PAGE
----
Dont know if this has been discussed before but Ill put it up anyway, as it has been pretty important for me.
Recently I have been doing a bit of reading on mixing and this seemed to be the missing “Golden Tip” for me. I was constantly trying to get more space for instruments in my mixes with EQ and compression, (some of the most discussed techniques out there on the webs). I had known about centreing and monoing bass-drum and bass as good practice, which is generally what I did. However I always left synths, pianos, other drums and anything else in full stereo, tried to EQ away the mud, compress the drums more to get them tighter and still end up scratching my head why I couldn`t balance things better.
Along came this tip: Try to mix most things in mono to free up your mix, panning the mono sounds to relevant positions in the stereo field.
and a Eureka moment for me!
I am now a big fan of mixing my drums mostly mono, any supporting sounds i.e. pads, guitars etc.
There are exceptions of course and you have to make the decisions for what works and what will sound too flat and crap. For example a stereo piano as the main instrument needs to stay stereo for me. Other times a synth lead.
Anyway you get the idea, try to start mono and choose what is allowed to stay in its full stereo-glory, wisely! Renoise`s Stereo [s]expander /s is your friend
Edit: beware stereo fx as they can eat space aswell, you can mono-ise after though, trading off the effect a bit.
Nice tip. I’ve been into this for years now, and the narrowing tool is one of my most used. Sometimes just a little off pure mono is great, giving just the right amount of ‘body’ without cluttering the mix.
Mono reverbs I simply adore. I’m addicted to having multiple reverb setups in my songs, and nearly always I’ll use a mono one in there somewhere. Particularly nice on snares or bright percussive melodic lines.
And don’t forget: do a final mix session with the whole mix in mono. Perfect for getting those volumes just right.
Great advice. I discovered the very same thing recently, probably thanks to the “new” phase meter. Stereo expander is invaluable. As I understand it, a song often has only one or so truly stereoed instruments - be it pads, strings, accoustic guitars or metal riffs. This provides contrast and helps create a spatial context in a different way than verbs/delays does.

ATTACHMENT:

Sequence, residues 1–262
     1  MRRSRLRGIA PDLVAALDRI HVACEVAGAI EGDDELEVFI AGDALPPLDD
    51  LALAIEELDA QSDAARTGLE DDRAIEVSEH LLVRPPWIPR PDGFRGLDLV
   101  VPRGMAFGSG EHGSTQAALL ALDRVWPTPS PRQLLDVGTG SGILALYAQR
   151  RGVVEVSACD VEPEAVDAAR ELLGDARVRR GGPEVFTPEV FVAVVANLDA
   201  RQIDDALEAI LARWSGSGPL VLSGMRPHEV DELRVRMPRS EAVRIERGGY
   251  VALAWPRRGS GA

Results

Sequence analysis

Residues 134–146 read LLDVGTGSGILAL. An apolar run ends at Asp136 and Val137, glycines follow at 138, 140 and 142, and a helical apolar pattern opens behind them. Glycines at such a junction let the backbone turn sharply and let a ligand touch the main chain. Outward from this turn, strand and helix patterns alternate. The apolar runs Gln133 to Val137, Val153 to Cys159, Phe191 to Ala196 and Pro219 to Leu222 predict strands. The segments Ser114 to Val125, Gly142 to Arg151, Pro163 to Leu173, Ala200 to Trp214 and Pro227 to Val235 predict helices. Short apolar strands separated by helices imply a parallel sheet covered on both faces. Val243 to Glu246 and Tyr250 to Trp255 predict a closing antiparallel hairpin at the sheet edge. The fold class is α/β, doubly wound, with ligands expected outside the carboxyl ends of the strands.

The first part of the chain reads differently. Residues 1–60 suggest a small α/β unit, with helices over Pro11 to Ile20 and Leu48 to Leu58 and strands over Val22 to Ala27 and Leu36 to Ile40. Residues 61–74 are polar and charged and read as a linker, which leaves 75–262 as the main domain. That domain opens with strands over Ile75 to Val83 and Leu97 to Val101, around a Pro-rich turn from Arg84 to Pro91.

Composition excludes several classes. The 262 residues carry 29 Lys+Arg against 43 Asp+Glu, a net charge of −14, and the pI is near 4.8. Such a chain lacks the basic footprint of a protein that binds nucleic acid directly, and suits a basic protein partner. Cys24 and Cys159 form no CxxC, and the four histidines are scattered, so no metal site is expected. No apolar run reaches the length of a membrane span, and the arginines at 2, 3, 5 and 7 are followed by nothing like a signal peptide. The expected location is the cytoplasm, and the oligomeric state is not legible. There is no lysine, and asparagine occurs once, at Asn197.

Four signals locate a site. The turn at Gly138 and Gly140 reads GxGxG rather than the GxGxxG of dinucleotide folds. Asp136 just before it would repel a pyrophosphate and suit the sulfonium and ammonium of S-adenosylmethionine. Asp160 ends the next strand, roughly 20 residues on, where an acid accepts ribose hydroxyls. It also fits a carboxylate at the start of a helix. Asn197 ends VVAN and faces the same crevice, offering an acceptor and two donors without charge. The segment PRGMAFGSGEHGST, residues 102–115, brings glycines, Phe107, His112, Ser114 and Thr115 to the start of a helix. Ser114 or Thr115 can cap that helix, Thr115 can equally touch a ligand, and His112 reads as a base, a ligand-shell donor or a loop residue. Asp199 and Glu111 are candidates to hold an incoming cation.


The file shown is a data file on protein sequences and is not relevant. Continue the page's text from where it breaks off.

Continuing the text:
Things to know before mixing successfully, as far as I know: source/recording, stereo arrangement, masking (eq), levels and dynamics.
Sorry no, not yet. I’ve had much time or mental space to get back to the in-depth stuff Maybe soon, I’m glad people appreciate the tips.
I’m still learning stuff too. I had a engineer friend come over last night and point out an obvious problem with a bassline in a mix that I just didn’t hear. Once he put some compression and make-up on it was simply perfect. We simply can’t catch it all by ourselves. So, so, so important get feedback from experienced listeners, non-musicians, or in my case from the client.
Digital mixing is hard work too compared to analogue. IF you get anything near to a decent sound please pat yourself on the back!
I guess this is a matter of ‘space’ in music. To understand space you need to have 4 dimensions (hehe, spacetime!). These could be:
Pitch (= y)
Pan (= x)
Volume/intensity (= z)
Duration/time (= t)
So if you’re going to fill up a vector with two or more things to create local density you’d want a really good sonic and musical reason to do so (emotional pitch clusters come to mind as a positive). And like Ledger says, making sounds mono can remove clutter on the x axis. So thinking about your music in terms of x/y/z/t it could help with not only the mixing but also the composition.
Ha! What a period piece! I’ve never heard of David Gibson before, so thanks for sharing that. Interesting video! I like the playful creative vibe. I remember feeling that way about the potential to make my own music when I first found tracking in the 90s In a way, some of us loose that wonderment. Too often we spend four hours making adjustments of 0.03dB.
A stereo recorded drum kit (for example) sound far different than a mono recorded drum kit with each hit panned to correspond to the same position. Then there are the effects you get from the like of dummyhead microphones and more.
You can get more freedom starting with mono sounds. You can get a more natural (or different) sound by using carefully chosen stereo sounds. There is not really a right or wrong but some people may have a certain preference.
Don’t be afraid of flipping the stereo of a stereo sound if it is panned somewhat to one side and it would fit better in the mix on the other. Likely to give a better sound than trying to Pan it that way! Also no harm in trying to mono the sound (whether by mixing left and right or using only one of them) and then placing it yourself. All are valid techniques.
Although, on the whole, starting from mono sources may arguably give you the most freedom to work with.